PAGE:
Chiang Mai's an interesting town: a lot like Bangkok, but on a much smaller scale. Hundreds of coffee shops. Great boutiques. And old white men with young Thai girls. Absolutely everywhere. Old hippies with Thai women in their 40s, and adorable little hapa kids. Bald and bearded bikers with chubby teenagers. Backpackers with stunning beauties. It's not as offensive as it was in Hua Hin, but it's twice as pervasive.
At the UN Irish pub, I joined a group of four older farang, each of whom turned out to have come to Chiang Mai for the women.
Derek, a 76-year-old cockney, works as a tree surgeon's assistant back home. He's been in Chiang Mai on and off for forty years, but for three years he's lived here more than not. "I went into a bar," he says, "And this bird sits down next to me and asks me to buy her a drink. Now she wasn't what's normally my type. I like 'em small, you see, and this one's big. She's got some weight on her. But I said, why not — thinking to myself it's just one night. And we had some fun. Well, that was three years ago, and we're still together. Thirty six years old, she is." She's less than half his age.
"Yow," I threw out, my eyes opening real wide, the way they do.
"But you have to be careful," he went on. "A lot of them have husbands back home, in the village. Regular actresses, they are. Could win an Oscar. An Academy Award. This one girl, back in 1971, I thought we were in love. I wanted to bring her back to England. Now they'll only come to England for one reason. They hate the weather, these girls, and the food tastes like shit to them. They only come for one thing: the money. Now I'd heard that some of these girls, because they've worked in bars, they won't let them in, you see? Won't give them a visa. So I said, well, let's get married. We had a little ceremony, got married, and — you know what — it turns out they still don't give them visas! Well, when I got back to Thailand, she was gone. Disappeared. I never heard from her again. I suppose I'm still married to her."
"What was her name?" I asked.
"Her name?" He paused, and looked down at the table, rubbing his head. "Her name? It was…" He really looked confused. "Oh, bugger. I… I guess I don't remember."
Skip, a round American in his late fifties who works for the Parks Department, had only been here for three weeks, and was getting ready to return to the States. "My wife and I, it's pretty much over. Almost completely. Has been for twenty years. But I wanted to see the youngest through college, and she's only got a year and a half left. Which is how long a divorce takes. So I figure, time to find a new home. And I have some buddies who moved out to Thailand. Man, they love it here. Told me to check out Pattaya, but that's too much. Chiang Mai seems just about right."
"Have you been to the bars here?" (Everyone seems to use the word "bar" as a euphemism.)
"Oh yeah!" He raised his glass in drunken enthusiasm. "I've had a different girl every night! It's great!"
"I'd watch out, son," advised Derek. I waited for him to give Skip some sage advice. Maybe that prostitution is unsafe. It's a scourge. It's immoral. It's to be avoided. But his advice covered none of these. "First time I was here, I took one of them ladyboys home by mistake." Whoa. As a reminder, Derek is the 76-year-old. This was like an anecdote from Trainspotting, but from a septegenarian.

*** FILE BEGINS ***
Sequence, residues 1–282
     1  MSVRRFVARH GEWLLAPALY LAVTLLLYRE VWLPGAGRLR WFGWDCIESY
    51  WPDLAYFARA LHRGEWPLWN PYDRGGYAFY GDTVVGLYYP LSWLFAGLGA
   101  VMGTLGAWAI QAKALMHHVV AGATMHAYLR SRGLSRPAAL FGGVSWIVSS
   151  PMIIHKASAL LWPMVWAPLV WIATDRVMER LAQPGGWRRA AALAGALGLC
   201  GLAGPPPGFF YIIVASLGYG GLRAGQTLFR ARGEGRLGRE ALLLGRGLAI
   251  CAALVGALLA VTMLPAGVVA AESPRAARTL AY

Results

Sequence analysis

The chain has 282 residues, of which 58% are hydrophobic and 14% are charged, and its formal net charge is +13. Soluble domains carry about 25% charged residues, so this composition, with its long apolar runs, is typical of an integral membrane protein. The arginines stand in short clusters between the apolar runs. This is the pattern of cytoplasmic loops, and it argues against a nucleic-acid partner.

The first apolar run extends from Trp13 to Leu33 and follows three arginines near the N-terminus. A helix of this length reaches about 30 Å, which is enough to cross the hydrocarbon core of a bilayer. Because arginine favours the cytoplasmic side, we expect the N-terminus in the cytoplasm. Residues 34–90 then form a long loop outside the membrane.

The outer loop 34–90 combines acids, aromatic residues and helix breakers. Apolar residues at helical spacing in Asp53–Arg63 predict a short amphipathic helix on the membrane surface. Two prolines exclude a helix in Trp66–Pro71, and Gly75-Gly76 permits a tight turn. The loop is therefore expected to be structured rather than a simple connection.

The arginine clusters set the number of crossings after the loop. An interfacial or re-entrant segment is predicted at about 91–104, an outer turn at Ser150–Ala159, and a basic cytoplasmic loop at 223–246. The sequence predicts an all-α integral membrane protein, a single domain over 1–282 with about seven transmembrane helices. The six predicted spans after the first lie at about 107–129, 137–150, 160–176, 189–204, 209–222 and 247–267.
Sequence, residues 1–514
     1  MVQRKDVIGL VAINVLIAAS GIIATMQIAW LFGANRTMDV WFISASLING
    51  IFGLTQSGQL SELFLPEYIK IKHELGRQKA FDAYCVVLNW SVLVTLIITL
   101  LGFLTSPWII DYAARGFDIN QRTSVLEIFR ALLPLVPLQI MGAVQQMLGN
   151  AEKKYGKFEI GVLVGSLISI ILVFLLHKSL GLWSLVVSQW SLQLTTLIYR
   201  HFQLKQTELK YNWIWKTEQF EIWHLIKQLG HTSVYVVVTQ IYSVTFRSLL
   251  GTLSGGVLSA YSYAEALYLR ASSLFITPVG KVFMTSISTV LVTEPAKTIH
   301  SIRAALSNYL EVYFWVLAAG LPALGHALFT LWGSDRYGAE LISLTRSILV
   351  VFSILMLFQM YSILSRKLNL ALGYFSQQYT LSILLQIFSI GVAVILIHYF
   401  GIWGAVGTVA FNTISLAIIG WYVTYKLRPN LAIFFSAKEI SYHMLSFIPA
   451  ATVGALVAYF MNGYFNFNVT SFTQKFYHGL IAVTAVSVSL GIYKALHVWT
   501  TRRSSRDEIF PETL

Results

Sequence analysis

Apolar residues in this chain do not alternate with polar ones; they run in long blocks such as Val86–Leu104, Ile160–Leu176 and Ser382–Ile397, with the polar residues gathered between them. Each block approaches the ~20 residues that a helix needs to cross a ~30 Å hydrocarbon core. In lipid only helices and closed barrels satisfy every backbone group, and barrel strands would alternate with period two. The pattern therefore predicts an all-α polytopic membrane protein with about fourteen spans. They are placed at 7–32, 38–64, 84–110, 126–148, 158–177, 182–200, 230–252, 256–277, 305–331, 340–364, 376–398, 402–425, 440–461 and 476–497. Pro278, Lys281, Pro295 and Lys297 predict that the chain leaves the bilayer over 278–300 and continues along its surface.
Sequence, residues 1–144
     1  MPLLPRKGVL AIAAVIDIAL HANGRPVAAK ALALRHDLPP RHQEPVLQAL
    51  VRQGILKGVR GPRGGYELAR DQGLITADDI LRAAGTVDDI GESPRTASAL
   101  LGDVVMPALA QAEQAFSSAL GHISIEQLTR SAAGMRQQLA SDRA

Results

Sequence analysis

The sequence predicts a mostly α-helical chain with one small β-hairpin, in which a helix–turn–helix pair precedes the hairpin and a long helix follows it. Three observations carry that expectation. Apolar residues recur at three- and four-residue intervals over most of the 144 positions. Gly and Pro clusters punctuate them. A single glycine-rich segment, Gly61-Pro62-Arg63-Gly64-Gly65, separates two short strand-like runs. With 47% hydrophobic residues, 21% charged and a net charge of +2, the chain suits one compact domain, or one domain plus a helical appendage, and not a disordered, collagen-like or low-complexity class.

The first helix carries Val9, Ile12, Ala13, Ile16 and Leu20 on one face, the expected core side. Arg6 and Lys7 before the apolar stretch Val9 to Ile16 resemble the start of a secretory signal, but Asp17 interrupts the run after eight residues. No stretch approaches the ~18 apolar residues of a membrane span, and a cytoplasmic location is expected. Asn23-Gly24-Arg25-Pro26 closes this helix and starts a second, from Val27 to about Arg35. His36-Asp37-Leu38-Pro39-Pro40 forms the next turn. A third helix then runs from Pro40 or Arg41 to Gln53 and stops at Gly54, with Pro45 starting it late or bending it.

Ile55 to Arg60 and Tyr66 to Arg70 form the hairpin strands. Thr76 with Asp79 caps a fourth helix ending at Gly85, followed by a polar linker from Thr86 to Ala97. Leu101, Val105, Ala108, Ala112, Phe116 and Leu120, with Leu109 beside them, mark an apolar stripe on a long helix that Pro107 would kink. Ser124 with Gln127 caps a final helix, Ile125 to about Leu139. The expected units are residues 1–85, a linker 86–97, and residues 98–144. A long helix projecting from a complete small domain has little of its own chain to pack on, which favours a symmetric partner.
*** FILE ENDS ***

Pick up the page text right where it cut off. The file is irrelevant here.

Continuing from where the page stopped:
"What did you do," I threw out.
"What could I do? I didn't want to offend her! … But I'll never make that mistake again." I've left out a sentence or two — knowing that Gubba will surely read this.
68-year-old Tony, another cockney who'd been here for years, was horrified. "I don't believe you. If that had been me, I'd never tell a soul. Not one soul! And here you are, blabbering on about it… You can tell from their voice, Andy. And their hands. But the best test is you go in for a feel. No disguising that!"
"Can you do that?"
"Oh yes. You're sitting in the bar, you squeeze here, grab there. They like it!" Hmmmm.
Skip was chuckling away. "I can't see why I wouldn't move here!"
"Be careful, Skip," warned Tony. "They won't let you buy property, these Thais. Only 49%, they'll let you have. The other 51% has to be owned by a Thai, so you have to buy into a business. And you know what that is? Your girl." Derek chuckled knowingly into his beer as Tony continued on a story he'd obviously told before. "I did that once, bought a place. Worst mistake I ever made. Bought a house with some Thai bird, thought it was the real thing. Thought it was love. Went back to England for a visit, and when I come, she's shacked up with another bloke."
"So what did you do?"
"I just walked away. Nothing else you can do. Just walk away."
Even with these horror stories, there was a clear consensus that this was the thing to do. The right thing. The only thing. I don't know if these men had been burned too many times, or what, but there was no alternative to them. When I commented on a cute white girl who'd walked in the pub, Harry, a New Yorker in his forties, smacked my head with the back of his hand. "Andy, you've got to get past this! Falang women are nothing but trouble. They're just not worth it. A constant headache. Move on, already!"
Later, as we drunkly said our goodbyes, Tony, Derek, Harry and Skip and I promised to meet the next night, so that the ex-pats could show Skip and I "the bars."
At the proposed meeting time, I sat in my guesthouse, sipping my herbal tea, and wondering what the evening could have been. And not really regretting my choice.